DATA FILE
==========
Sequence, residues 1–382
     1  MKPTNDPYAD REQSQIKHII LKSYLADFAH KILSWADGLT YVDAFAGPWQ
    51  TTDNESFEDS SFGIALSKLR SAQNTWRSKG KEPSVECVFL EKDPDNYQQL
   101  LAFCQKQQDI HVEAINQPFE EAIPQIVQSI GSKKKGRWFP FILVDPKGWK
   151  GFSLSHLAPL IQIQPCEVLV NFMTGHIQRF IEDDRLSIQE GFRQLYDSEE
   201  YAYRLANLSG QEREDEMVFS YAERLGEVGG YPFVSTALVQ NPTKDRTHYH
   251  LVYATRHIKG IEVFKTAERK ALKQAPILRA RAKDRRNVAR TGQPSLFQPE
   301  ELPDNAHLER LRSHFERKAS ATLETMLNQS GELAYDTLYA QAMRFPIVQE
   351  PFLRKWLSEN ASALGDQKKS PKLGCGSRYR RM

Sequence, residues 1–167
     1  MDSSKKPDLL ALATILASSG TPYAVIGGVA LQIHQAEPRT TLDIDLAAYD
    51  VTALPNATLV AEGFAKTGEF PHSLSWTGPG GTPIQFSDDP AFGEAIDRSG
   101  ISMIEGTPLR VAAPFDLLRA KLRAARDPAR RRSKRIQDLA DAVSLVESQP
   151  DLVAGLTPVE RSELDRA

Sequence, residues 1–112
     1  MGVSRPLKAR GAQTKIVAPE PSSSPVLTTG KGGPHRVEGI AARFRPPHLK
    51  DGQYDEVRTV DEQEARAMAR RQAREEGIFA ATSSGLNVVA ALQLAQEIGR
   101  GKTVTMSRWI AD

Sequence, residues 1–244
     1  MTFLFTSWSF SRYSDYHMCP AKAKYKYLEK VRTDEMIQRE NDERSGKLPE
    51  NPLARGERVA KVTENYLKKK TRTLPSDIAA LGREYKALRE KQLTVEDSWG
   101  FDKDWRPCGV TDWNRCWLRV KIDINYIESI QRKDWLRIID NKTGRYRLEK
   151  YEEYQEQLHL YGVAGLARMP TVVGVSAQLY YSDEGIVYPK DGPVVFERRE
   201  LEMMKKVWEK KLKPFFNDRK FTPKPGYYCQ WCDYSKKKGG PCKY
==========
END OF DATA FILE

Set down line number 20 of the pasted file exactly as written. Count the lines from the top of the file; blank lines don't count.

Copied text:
     1  MTFLFTSWSF SRYSDYHMCP AKAKYKYLEK VRTDEMIQRE NDERSGKLPE